Passengers: up to 19
Range: 7,700 nm
Price: $73 million
The new Bombardier Global 7500 uses the same fuselage cross-section as its legacy predecessors (6 feet, 3 inches tall and 8 feet, 2 inches wide) but stretches it by 11 feet to provide 2,637 cu ft of cabin space. Virtually everything else about the aircraft is new including the larger cabin windows, proprietary Nuage passenger seats, and GE Aviation Passport engines. The engines are based on the guts of the high-efficiency CFM Leap models being developed for new-generation Airbuses and Boeings. Among the technologies incorporated into the engines are a 52-inch titanium “blisk,” a single piece combining the fan blades and disk that is more aerodynamically efficient, saves weight, and reduces vibration.
The 7500 also features full fly-by-wire flight controls with sidesticks; a new, thin, high-speed wing; and the Bombardier Global Vision flight deck. The latter is based on Collins Pro Line Fusion avionics, with the latest safety features and head-up display. Top speed is Mach 0.925.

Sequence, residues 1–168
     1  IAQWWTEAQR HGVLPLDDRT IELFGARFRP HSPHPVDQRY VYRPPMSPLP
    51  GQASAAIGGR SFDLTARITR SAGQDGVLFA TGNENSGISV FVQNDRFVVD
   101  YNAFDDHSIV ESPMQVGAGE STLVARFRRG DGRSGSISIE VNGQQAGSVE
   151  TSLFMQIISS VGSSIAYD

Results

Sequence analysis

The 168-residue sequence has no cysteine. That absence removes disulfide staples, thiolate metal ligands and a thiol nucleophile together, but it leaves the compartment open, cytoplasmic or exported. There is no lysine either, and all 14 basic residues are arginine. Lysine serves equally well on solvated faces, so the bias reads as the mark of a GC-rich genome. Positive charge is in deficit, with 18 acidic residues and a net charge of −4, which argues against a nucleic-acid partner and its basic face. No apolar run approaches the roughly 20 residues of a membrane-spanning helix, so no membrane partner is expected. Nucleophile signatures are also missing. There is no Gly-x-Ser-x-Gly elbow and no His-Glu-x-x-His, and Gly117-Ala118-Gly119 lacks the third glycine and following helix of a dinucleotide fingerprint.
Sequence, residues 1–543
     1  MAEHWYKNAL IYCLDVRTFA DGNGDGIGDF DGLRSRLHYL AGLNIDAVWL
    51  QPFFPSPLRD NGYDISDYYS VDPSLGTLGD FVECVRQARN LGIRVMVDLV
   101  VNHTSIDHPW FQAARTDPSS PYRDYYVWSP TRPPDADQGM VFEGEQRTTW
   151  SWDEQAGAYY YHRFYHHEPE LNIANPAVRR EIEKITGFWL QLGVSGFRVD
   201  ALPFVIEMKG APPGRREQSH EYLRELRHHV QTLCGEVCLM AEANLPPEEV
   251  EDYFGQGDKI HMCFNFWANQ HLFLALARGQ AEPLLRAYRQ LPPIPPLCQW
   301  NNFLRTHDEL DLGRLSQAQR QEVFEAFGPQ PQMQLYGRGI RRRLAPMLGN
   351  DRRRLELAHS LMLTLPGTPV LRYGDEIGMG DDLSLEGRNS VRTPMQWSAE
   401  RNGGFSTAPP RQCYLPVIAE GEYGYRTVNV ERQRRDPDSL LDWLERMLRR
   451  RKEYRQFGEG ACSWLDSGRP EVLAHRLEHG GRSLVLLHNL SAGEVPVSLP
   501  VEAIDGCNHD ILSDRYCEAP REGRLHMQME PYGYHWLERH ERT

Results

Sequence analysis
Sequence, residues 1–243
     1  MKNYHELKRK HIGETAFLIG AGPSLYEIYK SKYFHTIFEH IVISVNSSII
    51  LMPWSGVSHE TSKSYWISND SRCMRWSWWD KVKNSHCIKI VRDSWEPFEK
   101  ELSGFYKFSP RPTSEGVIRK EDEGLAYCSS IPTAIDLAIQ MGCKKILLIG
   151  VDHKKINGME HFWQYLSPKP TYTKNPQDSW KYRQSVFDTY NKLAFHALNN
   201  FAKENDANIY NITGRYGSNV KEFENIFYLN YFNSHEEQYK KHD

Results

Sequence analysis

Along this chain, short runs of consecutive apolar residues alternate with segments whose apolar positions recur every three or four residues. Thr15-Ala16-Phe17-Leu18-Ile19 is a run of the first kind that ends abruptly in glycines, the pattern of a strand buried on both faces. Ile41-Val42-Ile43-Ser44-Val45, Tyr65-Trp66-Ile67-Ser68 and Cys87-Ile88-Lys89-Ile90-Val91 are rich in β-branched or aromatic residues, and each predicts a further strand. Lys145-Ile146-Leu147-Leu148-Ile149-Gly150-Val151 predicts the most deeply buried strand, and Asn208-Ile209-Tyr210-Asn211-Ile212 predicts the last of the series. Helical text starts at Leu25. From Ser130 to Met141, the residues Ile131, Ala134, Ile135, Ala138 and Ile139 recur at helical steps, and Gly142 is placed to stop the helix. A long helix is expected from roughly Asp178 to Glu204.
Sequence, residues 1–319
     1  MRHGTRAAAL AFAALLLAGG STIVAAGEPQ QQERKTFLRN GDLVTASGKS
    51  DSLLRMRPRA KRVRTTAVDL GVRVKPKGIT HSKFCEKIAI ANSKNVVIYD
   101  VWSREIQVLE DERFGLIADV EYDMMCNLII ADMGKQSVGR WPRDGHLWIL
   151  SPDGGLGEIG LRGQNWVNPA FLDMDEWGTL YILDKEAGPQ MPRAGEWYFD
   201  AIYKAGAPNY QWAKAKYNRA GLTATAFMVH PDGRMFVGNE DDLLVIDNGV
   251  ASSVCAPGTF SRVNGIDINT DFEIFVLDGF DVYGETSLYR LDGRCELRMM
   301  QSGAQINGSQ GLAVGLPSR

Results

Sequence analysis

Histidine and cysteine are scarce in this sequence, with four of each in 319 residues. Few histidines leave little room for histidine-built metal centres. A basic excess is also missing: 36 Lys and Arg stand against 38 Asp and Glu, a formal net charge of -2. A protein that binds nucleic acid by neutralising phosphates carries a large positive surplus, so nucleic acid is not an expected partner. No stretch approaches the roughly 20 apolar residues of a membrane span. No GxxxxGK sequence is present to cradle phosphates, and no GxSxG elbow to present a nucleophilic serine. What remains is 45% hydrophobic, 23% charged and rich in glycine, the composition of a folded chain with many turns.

The hyper-quiet cabin is divided into three- or four-zone layouts. The forward galley can be equipped with multiple ovens including a double convection/microwave and a convection/steam model. The redesigned crew rest areas are larger. The aft lav can be fitted with a steam shower and the capacious 195-cubic-foot baggage hold can be accessed from the cabin at any altitude. The 7500 comes standard with Bombardier’s Wave satcom (the Honeywell JetWave system that runs on Inmarsat’s ka-band satellite network). Entry into service of the aircraft began late last year.
Passengers: up to 19
Range: 6,500 nm
Price: $58 million